Actually Normal Spring Training on the Way, Rooting for Weaknesses, MLB Broadcast Rights, and Other Cubs Bullets

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Actually Normal Spring Training on the Way, Rooting for Weaknesses, MLB Broadcast Rights, and Other Cubs Bullets

Chicago Cubs

Spring Training begins THIS WEEK. Time to get unreasonably optimistic, because otherwise, what the hell are we doing with our sporting selves? This week, and for at least the next couple months, every team has a chance.

Except the Rockies. The Rockies do not have a chance. Sorry, Rockies fans. I hope you’re into the USFL.

  • Speaking of Spring Training, the Chicago Cubs’ pitchers and catchers report in just two days, except for the gents participating in the World Baseball Classic this year. Generally, those guys have to report a couple days earlier, so we might actually see some “official” reporting today. Of course, so many guys are already in Mesa that the line gets blurry anyway.
  • You know what’s NOT blurry this year, though? It’s the first NORMAL Spring Training for MLB teams IN FOUR YEARS. Obviously 2020 got blown up by the pandemic, then 2021 was condensed and shifted back because of the COVID waves that persisted, and then 2022 was condensed and shifted back because of the lockout. So, with the exception of the guys who’ll step away for a week or two in March to play in the WBC, this Spring Training, finally, is completely normal. Heck, some young players have literally never had a normal big league Spring Training!
  • (Couple days left to get extensions done “before Spring Training,” Jed … )
  • Sahadev Sharma writes about the Cubs’ possible path to the playoffs this year by way of analyzing the weaknesses among the top-of-the-class NL teams. In other words, if the Cubs are going to make the playoffs, AT LEAST one of the Braves, Mets, Phillies, Dodgers, Padres, or Cardinals would have to MISS the playoffs (to say nothing of any other team). That, uh, is kinda rough when you think about it, because those teams are loaded. For a lot of the teams, the potential weakness comes down to imagining rotation problems (i.e., really old guys getting hurt (Mets), guys being worn down from a deep postseason run (Phillies), or a lack of quality depth (Padres and Cardinals)).
  • Here’s how Sharma frames the possible weakness for the Cardinals:

But the pitching is a legitimate question mark. Adam Wainwright is 41, Miles Mikolas had a career year at 33 — is he really going to repeat that? — and Jack Flaherty and Steven Matz are coming off injuries. They do have some depth at Triple A with Matt Liberatore, Jake Woodford, Zack Thompson, Michael McGreevy and Gordon Graceffo. But still, this is an obvious potential weakness.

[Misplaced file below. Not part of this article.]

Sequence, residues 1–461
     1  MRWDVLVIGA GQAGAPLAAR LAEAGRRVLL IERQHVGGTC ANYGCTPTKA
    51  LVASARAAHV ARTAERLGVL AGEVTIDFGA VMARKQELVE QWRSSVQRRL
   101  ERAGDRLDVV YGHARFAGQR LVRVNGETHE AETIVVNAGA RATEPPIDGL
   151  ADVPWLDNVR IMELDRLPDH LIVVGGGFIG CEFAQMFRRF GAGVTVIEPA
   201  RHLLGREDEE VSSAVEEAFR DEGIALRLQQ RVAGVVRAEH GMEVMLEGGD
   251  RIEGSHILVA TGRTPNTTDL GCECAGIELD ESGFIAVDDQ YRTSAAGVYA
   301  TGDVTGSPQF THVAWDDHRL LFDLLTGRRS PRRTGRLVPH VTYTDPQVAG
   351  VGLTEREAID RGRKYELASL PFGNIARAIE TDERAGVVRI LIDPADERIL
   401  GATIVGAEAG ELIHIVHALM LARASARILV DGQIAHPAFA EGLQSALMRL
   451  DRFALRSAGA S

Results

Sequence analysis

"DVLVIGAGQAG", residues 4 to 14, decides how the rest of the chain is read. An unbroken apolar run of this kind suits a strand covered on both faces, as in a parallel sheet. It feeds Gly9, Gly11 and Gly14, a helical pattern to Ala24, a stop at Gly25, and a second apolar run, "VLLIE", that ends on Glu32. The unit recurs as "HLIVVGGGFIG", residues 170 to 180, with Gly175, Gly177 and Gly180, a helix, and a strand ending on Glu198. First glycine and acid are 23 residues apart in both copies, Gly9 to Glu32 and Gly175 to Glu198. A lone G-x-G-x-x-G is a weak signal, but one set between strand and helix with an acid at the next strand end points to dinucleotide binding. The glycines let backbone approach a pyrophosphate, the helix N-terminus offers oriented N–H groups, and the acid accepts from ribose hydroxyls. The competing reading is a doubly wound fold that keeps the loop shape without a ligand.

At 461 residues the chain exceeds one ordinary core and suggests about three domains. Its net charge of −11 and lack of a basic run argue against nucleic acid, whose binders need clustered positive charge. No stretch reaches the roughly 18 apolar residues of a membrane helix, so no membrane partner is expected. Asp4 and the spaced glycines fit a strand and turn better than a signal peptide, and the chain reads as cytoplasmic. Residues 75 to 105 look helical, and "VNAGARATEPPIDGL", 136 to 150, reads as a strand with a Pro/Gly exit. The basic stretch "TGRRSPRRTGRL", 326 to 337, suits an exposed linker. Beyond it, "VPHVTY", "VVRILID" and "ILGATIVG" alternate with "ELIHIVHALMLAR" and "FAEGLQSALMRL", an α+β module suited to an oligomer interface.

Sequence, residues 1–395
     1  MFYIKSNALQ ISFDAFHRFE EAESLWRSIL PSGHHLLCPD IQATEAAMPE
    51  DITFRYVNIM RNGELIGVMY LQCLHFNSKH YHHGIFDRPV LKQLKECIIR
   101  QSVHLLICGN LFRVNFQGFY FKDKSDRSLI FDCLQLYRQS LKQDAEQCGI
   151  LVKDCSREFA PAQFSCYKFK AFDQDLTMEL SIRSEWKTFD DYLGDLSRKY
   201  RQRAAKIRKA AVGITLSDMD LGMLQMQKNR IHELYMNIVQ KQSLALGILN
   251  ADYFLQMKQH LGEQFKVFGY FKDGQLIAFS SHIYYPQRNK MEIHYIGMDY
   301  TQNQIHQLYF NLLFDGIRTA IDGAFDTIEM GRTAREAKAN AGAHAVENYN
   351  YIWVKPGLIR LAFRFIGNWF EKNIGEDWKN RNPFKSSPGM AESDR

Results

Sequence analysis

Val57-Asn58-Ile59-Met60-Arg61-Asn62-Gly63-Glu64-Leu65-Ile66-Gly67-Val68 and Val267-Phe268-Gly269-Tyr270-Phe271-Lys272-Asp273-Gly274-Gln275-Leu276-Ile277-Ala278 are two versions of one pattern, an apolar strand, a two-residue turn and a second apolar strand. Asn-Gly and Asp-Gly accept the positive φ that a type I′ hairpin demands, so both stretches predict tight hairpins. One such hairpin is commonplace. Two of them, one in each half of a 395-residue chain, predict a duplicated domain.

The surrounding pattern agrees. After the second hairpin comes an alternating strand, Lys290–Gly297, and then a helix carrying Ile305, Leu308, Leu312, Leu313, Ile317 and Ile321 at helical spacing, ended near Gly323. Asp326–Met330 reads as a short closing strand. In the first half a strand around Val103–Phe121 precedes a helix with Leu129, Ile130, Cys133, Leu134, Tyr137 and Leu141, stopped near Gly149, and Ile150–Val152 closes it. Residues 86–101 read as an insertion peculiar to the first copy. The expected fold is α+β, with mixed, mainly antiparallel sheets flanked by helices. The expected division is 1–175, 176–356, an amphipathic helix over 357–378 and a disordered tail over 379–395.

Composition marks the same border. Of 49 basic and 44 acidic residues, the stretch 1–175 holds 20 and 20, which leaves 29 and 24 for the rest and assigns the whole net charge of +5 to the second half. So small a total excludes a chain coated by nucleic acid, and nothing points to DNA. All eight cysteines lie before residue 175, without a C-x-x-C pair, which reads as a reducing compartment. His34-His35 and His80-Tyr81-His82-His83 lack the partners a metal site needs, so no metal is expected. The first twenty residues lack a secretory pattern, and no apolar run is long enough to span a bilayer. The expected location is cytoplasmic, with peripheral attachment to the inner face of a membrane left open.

• The problem, as Sharma alludes to, is that guys like Liberatore, McGreevy, and Graceffo (and maybe even Tink Hence) are sufficiently legit prospects in close enough proximity to the big leagues that they could fill any gaps with surprising success. I think it’s absolutely true that there are risks throughout that rotation, and they don’t have the same quality depth as – for example – the Cubs, but I could certainly see a young guy or two stepping up.
  • It snuck up on me, but this season is Craig Counsell’s last under contract with the Brewers as manager. Usually he has an extension in place by now, but with the Brewers seemingly constantly in cost-cutting mode, and with Counsell generally regarded as one of the most valuable managers in baseball, maybe there is a little negotiation friction there. He says he’s had conversations with Brewers ownership (not the GM?), and he’s happy where he is, but is focused on 2023 (MLBTR). Boy, it would be fine with me if they couldn’t work something out.
  • *IF* Diamond Holdings goes into bankruptcy and *IF* that does interrupt the broadcasting of MLB games for the teams on the Bally RSNs, then Commissioner Rob Manfred says MLB stands ready to step in and take over the production of those games (ESPN). My gut says that’s exactly what MLB is hoping will happen, because I think they want to take back those teams’ local broadcast rights anyway so that they can integrate them into their hoped-for national product. That’s all still going to be a many, many, many years project, but if they could use a Diamond bankruptcy to accelerate their acquisition of rights on half of MLB’s teams, I am thinking that’s what they want.
  • Absolutely bonkers knuckleball. Thing did not spin even one single revolution. Even after the foul tip:
  • Baseball:

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Author: Brett Taylor

Brett Taylor is the Editor and Lead Cubs Writer at Bleacher Nation, and you can find him on Twitter at @BleacherNation and @Brett_A_Taylor.